Of course, then we decided to get creative.  We had them sit at the end of the platform swing to do it.  We also used a typical playground style swing after the platform swing.  We still had them practice pushing off (and work on the components of jumping) but by having them sit up and hold onto the ropes, they also began to work on the idea of controlling their momentum and how to move their trunk so that it could carry over to swinging at the park.

If kids are working on single leg hopping, or leaping from one foot to the next, you can also do all of the above and have them work with only one leg, or alternate legs (and that sneaks in some coordination)! Also the repetition is great for strengthening their legs and core.

If your swing isn’t set up so that a child can push off a wall, you could also have someone hold a large therapy ball at the end and stabilize it so they could push off of that. Because it has a little more give, they won’t get the same force but it mimics the feel of a trampoline.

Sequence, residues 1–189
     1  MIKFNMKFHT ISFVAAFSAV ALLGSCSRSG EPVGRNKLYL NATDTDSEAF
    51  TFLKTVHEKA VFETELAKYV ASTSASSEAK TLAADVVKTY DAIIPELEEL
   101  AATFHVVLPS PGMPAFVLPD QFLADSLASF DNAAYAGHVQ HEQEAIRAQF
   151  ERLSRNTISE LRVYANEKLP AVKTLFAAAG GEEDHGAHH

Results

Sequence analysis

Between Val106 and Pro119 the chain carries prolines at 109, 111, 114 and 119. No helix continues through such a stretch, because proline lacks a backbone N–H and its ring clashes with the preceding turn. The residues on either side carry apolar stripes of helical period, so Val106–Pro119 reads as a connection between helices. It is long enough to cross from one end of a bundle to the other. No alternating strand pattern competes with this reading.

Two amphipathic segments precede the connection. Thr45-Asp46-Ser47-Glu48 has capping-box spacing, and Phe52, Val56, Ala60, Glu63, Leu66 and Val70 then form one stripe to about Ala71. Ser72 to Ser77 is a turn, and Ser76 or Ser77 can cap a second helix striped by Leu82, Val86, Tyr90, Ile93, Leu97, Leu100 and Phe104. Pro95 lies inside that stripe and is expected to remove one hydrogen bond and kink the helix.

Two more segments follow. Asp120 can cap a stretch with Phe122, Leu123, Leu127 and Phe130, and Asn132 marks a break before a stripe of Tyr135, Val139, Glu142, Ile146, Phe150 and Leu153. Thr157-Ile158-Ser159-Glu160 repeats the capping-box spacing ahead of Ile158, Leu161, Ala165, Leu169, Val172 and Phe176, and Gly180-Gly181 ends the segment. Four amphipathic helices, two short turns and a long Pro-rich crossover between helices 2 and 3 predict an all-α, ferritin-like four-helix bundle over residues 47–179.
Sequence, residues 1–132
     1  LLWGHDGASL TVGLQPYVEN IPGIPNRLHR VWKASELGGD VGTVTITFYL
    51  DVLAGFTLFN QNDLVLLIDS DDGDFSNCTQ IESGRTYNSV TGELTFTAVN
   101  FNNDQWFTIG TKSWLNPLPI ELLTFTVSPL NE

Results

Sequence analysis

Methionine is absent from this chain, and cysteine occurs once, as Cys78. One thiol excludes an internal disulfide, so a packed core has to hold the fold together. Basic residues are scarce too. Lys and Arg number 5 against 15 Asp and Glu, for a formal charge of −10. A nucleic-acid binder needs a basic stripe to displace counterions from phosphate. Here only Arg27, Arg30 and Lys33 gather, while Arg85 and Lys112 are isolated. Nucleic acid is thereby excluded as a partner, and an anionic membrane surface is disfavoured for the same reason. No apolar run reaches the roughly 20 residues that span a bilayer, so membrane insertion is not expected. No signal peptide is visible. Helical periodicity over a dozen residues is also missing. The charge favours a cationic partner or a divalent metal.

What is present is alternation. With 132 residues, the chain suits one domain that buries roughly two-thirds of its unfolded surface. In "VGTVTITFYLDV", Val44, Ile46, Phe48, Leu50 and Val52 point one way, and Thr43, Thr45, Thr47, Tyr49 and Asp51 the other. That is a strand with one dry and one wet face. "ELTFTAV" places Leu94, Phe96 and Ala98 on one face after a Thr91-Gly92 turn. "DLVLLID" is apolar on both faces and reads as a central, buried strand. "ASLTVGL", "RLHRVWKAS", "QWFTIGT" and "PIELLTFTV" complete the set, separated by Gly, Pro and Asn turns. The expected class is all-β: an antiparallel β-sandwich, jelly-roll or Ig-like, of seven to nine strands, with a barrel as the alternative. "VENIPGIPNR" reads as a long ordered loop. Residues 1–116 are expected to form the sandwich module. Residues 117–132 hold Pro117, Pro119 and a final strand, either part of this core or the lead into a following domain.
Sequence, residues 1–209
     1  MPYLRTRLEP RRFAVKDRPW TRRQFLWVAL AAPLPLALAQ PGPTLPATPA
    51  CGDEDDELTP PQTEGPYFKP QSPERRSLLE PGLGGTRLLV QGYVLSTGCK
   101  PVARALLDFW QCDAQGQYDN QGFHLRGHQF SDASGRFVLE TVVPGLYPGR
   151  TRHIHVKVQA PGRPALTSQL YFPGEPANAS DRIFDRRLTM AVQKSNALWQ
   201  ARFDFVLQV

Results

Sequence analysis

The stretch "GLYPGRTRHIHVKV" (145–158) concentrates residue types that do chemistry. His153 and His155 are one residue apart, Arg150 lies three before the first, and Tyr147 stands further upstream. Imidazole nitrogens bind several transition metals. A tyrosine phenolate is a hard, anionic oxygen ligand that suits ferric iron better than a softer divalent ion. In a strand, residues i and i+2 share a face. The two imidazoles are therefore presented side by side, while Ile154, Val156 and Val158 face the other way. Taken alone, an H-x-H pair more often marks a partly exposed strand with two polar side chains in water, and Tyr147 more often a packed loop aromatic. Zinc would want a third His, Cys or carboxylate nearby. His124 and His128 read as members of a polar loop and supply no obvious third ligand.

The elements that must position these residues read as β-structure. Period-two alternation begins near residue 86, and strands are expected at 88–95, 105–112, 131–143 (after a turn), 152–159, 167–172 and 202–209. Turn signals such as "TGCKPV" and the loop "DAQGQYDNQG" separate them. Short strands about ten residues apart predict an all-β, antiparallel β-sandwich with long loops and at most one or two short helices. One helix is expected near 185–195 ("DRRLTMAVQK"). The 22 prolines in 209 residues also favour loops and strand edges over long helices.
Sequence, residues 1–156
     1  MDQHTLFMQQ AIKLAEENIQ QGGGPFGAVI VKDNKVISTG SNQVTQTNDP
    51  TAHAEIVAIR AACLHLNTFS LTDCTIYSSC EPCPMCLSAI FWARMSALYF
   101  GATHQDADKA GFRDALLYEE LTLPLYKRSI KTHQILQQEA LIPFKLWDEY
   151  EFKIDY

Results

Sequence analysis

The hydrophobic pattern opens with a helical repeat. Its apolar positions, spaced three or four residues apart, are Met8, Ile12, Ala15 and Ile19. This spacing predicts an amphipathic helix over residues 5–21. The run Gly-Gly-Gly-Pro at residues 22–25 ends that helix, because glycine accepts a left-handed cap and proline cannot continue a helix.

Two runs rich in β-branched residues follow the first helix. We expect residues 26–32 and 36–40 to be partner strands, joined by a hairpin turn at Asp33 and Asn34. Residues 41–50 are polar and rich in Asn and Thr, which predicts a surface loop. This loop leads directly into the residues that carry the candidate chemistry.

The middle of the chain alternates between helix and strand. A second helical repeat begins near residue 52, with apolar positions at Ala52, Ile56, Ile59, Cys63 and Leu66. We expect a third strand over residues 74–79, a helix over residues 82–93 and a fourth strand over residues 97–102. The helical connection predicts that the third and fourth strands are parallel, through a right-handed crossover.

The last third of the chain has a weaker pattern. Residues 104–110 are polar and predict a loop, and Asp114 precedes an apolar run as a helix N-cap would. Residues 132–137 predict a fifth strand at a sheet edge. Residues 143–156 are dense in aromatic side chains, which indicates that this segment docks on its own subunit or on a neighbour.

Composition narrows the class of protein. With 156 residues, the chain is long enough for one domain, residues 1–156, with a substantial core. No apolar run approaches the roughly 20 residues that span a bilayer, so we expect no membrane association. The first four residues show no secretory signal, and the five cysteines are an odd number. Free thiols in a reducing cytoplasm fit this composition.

Has anyone else tried something along these lines?  Have you modified it in other ways? We’d love to hear from you!

February 12, 2017

Eccentric Abs (and no I don’t mean odd!)

eccentric-abs

Our abdominal muscles (or Abs) play a big part in our core muscles.  They aren’t the only part but they are a piece that makes up the whole.  It requires coordination of each of the different muscle groups to help create a stable foundation so that we can move our arms and legs effectively.

What do I mean by eccentric abs?  Well when a muscle contracts it can do it a few ways.  One of those ways is eccentrically.  This post about squatting helps to explain the difference between eccentric and concentric muscle control.  But basically, eccentric contractions, or slow lengthening of the muscle, helps to give us control.